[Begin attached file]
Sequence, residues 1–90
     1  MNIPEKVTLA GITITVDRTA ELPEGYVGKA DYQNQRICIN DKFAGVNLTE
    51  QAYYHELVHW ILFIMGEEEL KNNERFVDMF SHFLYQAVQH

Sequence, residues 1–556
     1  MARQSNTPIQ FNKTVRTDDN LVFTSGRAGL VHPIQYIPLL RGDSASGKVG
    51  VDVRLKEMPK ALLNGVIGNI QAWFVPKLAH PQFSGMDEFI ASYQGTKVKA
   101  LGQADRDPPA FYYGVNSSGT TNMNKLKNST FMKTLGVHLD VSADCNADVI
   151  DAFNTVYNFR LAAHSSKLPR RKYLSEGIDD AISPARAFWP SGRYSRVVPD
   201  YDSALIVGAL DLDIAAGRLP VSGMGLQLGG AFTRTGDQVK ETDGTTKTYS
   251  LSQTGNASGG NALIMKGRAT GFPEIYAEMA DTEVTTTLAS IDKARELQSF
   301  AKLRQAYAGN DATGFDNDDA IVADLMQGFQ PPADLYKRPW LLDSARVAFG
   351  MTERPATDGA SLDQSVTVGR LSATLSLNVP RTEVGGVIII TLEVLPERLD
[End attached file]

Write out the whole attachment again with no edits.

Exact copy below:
Sequence, residues 1–90
     1  MNIPEKVTLA GITITVDRTA ELPEGYVGKA DYQNQRICIN DKFAGVNLTE
    51  QAYYHELVHW ILFIMGEEEL KNNERFVDMF SHFLYQAVQH

Sequence, residues 1–556
     1  MARQSNTPIQ FNKTVRTDDN LVFTSGRAGL VHPIQYIPLL RGDSASGKVG
    51  VDVRLKEMPK ALLNGVIGNI QAWFVPKLAH PQFSGMDEFI ASYQGTKVKA
   101  LGQADRDPPA FYYGVNSSGT TNMNKLKNST FMKTLGVHLD VSADCNADVI
   151  DAFNTVYNFR LAAHSSKLPR RKYLSEGIDD AISPARAFWP SGRYSRVVPD
   201  YDSALIVGAL DLDIAAGRLP VSGMGLQLGG AFTRTGDQVK ETDGTTKTYS
   251  LSQTGNASGG NALIMKGRAT GFPEIYAEMA DTEVTTTLAS IDKARELQSF
   301  AKLRQAYAGN DATGFDNDDA IVADLMQGFQ PPADLYKRPW LLDSARVAFG
   351  MTERPATDGA SLDQSVTVGR LSATLSLNVP RTEVGGVIII TLEVLPERLD